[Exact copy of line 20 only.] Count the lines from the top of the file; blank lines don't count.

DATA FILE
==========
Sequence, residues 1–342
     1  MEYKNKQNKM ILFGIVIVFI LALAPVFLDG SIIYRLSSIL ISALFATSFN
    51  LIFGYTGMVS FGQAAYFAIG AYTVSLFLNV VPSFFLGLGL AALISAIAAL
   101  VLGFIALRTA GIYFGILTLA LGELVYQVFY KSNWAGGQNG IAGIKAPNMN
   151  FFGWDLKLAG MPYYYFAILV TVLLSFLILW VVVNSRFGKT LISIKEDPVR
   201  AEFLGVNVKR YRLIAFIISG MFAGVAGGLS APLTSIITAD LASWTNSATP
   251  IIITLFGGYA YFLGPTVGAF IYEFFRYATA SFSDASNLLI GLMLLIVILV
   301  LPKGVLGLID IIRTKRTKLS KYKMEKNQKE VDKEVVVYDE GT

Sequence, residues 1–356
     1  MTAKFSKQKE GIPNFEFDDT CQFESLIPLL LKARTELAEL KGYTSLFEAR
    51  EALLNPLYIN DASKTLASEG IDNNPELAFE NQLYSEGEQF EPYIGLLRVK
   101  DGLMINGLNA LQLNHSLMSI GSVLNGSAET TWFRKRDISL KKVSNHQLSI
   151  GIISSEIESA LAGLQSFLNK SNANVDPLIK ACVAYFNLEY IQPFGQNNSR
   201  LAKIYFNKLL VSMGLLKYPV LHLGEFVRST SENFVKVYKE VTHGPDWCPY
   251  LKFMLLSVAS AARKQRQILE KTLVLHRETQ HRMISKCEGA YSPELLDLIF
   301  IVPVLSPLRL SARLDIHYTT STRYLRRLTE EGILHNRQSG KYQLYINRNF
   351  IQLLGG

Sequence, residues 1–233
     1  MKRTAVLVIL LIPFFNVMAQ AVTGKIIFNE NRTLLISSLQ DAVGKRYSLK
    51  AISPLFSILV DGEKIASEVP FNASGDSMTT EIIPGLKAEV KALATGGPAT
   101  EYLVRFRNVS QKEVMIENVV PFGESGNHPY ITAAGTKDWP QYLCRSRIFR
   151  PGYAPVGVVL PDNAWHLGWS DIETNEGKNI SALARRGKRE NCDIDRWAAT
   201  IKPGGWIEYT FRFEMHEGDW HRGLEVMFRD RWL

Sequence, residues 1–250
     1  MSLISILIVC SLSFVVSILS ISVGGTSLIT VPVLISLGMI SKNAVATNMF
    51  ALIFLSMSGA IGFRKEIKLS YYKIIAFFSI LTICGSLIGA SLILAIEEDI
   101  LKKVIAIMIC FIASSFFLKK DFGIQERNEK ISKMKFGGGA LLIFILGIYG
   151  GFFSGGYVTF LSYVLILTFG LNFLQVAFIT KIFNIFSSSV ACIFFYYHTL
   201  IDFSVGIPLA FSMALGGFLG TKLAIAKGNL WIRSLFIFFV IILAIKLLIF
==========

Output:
    51  AISPLFSILV DGEKIASEVP FNASGDSMTT EIIPGLKAEV KALATGGPAT